Director John Woo, who turned 74 on May 1, should be considered the godfather of the modern action movie.
Mixing spectacular set pieces with sentiment, he started tropes now synonymous with the genre. These include slow-motion fight scenes, Mexican stand-offs and characters firing multiple guns at the same time. The repeated use of doves, however, is a style all his own.
Born in Guangzhou in 1946, the director of films such as A Better Tomorrow (1986), The Killer (1989) and Hard Boiled (1992) grew up in Hong Kong after his family fled persecution under Mao Zedong.
“As a kid, I always felt like I lived in hell – the slums of Hong Kong were horrible,” he told Venice Magazine. “I always had t
Chinese film fans still don’t know if, or when, they will get to see Parasite, the South Korean film that made history by winning the 92nd Academy Award for best picture, along with three other Oscars.
Some expressed doubts the film would be shown in China given its unflinching criticism of social inequality and extreme poverty, and its amoral storyline.
It wouldn’t be the first Korean film to fall foul of Chinese censors. Korean directors have not been shy about depicting their country under dictatorship, and are likened to French filmmakers in their stylistic portrayal of sex and gore.
Chinese censorship rules ban the explicit portrayal of sex, violence, sensitive political issues, practic
Back in 2014, the Chinese entrepreneur Cao Dewang looked like a savior to the people of Dayton, Ohio.
Cao is the founder and CEO of Fuyao, which makes glass such as windshields.
The Chinese billionaire promised to bring an abandoned General Motors factory in the American state back to life, providing thousands of jobs to an area that desperately needed them.
Filmmakers Steven Bognar and Julia Reichert were there in 2008 to document the GM factory closing.
They returned in 2014 to make American Factory, which has been nominated for best documentary feature at this year’s Academy Awards and won accolades at film festivals around the world.
Given full access to the plant and its workers, the
What can we expect in a new Bruce Lee documentary that we haven’t already seen in previous productions?
By drawing on his own personal experience, Vietnamese-American director Bao Nguyen (Live from New York!), who lives between Los Angeles and Ho Chi Minh City in Vietnam, has delivered something fresh with Be Water, a personal take on the challenges the martial arts superstar faced as he lived between Hong Kong and America.
Having gained the family’s permission, Nguyen benefited from unprecedented access to archival material, which was essential, as it is primarily a film told in the past.
Several of Lee’s old friends appear in interviews; hearing from his widow, Linda Lee Cadwell, and daug
It is difficult for Hongkongers to find a nearby cinema to watch locally made films about the ongoing anti-government protests.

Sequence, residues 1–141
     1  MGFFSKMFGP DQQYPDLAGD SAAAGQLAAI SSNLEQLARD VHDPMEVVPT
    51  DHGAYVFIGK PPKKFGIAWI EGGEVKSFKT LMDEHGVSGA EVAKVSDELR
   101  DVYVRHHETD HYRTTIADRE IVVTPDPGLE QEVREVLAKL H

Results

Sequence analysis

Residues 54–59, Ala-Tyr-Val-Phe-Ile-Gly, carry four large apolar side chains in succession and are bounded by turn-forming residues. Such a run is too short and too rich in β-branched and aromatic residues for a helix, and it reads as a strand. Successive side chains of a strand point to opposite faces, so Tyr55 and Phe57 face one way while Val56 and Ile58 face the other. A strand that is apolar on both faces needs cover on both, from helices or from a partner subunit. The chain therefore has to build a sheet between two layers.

But interest in the demonstrations has led foreign cinemas and film festivals to program documentaries and feature films relating to Hong Kong’s political movements.
This month, the Netherlands’ International Film Festival Rotterdam, one of the world’s top-10 film festivals, is screening a film series called “Ordinary Heroes: Made in Hong Kong.” It comprises of more than 20 documentaries, features and short films that focus on the Umbrella Movement in 2014 and the current protests. The festival opens on January 22.
In New York City, the popular Metrograph Cinema on
A gravestone. Massive rocks. A mouldy qipao that has been sitting in an attic for 80 years.
Among the challenges for America’s hundred or so private museums devoted to showcasing Chinese culture is how to turn down beloved donations from the public. This is just one of the hurdles Chinese-American museums face as they increase in number and prominence in line with the community.
Even as the soon-to-officially-open Chinese American Museum in Washington scrambles for artefacts to fill out its collection, established museums routinely turn away old postcards, souvenirs from some recent holiday in China or dusty statues of obscure deities – without hurting prospective donors’ feelings.
Two Taiwanese artists, one painting with his fingers and the other creating Japanese manga-style portraits, took inspiration from the self-ruled island’s political scene ahead of its 2020 presidential election.
Most people choose what they wear to flatter their bodies.
For Chinese artist Kong Ning, fashion is a soapbox she can employ to call people’s attention to some of the most pressing issues affecting the world.
And when she uses that soapbox, Kong goes all out.
In 2015, she wore an outfit dotted with hundreds of anti-pollution breathing masks and sauntered around smog-choked Beijing.
In 2013, she stitched 999 respirators onto a wedding dress. She titled it “Marry the Blue Sky” and wore it at the Beijing Exhibition Center.
In 2016, she wore a wedding dress – made of 100 inflatable white doves – at the National September 11 Memorial & Museum in New York.
She attached plastic models of Notre
Viewers in China say a new reality TV show in the country bears a striking resemblance to the popular Queer Eye series on Netflix. Just without the gay Fab Five.
The reality show You are so Beautiful premiered on state-owned streaming service Mango TV in December.
Like the Emmy-winning American show, the Chinese program depicts makeovers masterminded by five experts in charge of fashion, grooming, food, home design and lifestyle.
However, none of the five experts on You are so Beautiful is openly gay. The show, which has streamed three episodes so far, has also made no effort to promote LGBTQ acceptance like Queer Eye.
Mentions of LGBTQ issues are often censored in Chinese media. Although